Betty White: The baddest octogenarian

A gig hosting "SNL" is just the latest coup for the Golden Girl. Why do we love her so?

By Mary Elizabeth Williams

Senior Writer

Published March 11, 2010 9:26PM (EST)

FILE - In this Nov. 29, 2009 file photo, actress Betty White poses for a portrait in Burbank, Calif. (AP Photo/Chris Pizzello, file) (AP)
FILE - In this Nov. 29, 2009 file photo, actress Betty White poses for a portrait in Burbank, Calif. (AP Photo/Chris Pizzello, file) (AP)

This year's It girl is 88 years old. Betty White, the hardworking actress, recent recipient of a Screen Actor's Guild lifetime achievement award  and star of a brilliant Snickers ad, is enjoying the kind of career success that would make Megan Fox jealous. So devoted are her legion of fans that they launched a Facebook campaign to get her to host "Saturday Night Live" -- one that actually worked. She'll guest on the May 8 episode, one that promises to team her with fellow comic heavyweights Tina Fey, Amy Poehler, Molly Shannon, Maya Rudolph, Ana Gasteyer and Rachel Dratch.

Why is a woman who'd be justified in limiting her aspirations to kicking ass in mah-jongg instead one of Hollywood's most sought-after performers? Is it that, as Tracy Clark-Flory pointed out a few weeks back, "She's sugary sweet and filled with subversiveness"? Well, sure, that's a part of it. There's something about the incongruity of a nice old lady being so tough, so dirty-mouthed, that makes for reliable comedy. One need only hear her refer to Sarah Palin as a "crazy bitch" to be smitten.

But there's more to it than that. Betty White is not a typical punch line, doddering off like Grandpa Simpson. We get plenty of that in our pop culture already. Look at the old people! Aren't they funny? They're so slow and out of it! Hardy har har!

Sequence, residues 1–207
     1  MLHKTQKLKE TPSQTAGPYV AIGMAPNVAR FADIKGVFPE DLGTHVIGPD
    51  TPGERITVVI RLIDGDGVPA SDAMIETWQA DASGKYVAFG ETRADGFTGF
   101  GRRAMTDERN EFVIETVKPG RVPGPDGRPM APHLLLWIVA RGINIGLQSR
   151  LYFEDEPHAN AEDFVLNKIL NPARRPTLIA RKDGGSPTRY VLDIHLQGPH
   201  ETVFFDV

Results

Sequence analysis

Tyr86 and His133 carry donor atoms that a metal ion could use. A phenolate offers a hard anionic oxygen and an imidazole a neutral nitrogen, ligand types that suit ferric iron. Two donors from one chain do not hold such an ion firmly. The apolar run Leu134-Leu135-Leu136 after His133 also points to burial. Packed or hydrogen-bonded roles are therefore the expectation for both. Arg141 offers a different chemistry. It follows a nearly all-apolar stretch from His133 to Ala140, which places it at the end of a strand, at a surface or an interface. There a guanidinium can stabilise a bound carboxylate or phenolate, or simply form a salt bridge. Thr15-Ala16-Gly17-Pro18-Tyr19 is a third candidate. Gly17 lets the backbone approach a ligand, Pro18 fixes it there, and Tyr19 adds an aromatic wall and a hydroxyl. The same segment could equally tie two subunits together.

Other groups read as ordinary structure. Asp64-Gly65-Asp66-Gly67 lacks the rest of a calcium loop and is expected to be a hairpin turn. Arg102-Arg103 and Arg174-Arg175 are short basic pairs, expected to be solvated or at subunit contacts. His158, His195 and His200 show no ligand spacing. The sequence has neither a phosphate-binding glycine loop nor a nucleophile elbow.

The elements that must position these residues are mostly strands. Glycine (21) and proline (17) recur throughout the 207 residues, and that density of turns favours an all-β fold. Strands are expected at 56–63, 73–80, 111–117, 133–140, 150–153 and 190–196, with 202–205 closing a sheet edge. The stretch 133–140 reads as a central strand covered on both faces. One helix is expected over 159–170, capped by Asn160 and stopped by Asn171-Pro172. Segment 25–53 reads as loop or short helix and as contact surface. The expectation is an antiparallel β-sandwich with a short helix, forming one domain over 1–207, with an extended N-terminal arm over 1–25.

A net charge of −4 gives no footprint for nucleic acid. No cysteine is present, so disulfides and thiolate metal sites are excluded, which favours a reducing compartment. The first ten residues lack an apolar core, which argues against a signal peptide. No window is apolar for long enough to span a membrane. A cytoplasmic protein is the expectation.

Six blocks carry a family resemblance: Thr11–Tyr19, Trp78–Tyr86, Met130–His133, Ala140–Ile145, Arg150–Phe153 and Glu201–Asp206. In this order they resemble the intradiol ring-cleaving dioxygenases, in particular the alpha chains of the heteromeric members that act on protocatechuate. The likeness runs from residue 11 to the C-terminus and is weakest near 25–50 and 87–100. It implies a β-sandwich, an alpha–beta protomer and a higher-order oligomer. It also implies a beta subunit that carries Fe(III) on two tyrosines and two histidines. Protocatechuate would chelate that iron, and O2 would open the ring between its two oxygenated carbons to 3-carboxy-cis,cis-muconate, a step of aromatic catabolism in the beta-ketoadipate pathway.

But guess what, kids? Inside every creaky geezer there's a person who was once quite likely just as lively and oversexed and troublemaking as you are now. The elderly aren't an alien species. They're the future versions of ourselves. So while there's comic fodder to be had in the dehumanization that only accelerates as one spends more time on earth, easy gags involving jive-talking grannies will only get one so far. No, to truly capture hearts and imaginations within a culture that caters largely to the whims of Nintendo-playing 13-year-old boys, one has to be able to do more than take a tackle in a candy bar ad. White knows how to make a joke, but she herself isn't one. She's too sharp, too knowing, too disarmingly clever. Watch her recent SAG awards speech, as she stands there in her blue gown and insists, "You still can't get rid of me," and see -- this is a lady who knows how to work the room.

Getting old isn't for sissies, and Betty White is no sissy. That's why we love her, not just for the charming, hilarious individual she is, but for the hope she offers every current and future senior citizen that there's more to aging than loneliness, indignity and stories nobody wants to hear. She's reassurance against our own dark fears of outliving our usefulness, of becoming irrelevant. Few among us will ever be invited to host "Saturday Night Live" when we're pushing 90, but Lord, isn't it nice to imagine we'll still be invited anywhere by then? That we'll be loved and valued because we're so goddamm interesting and awesome? Betty White is not sitting on the porch, reminiscing about who she was. She's living in the world, being who she is. And when we grow up, we want to be just like her.

By Mary Elizabeth Williams

Mary Elizabeth Williams is a senior writer for Salon and author of "A Series of Catastrophes & Miracles."

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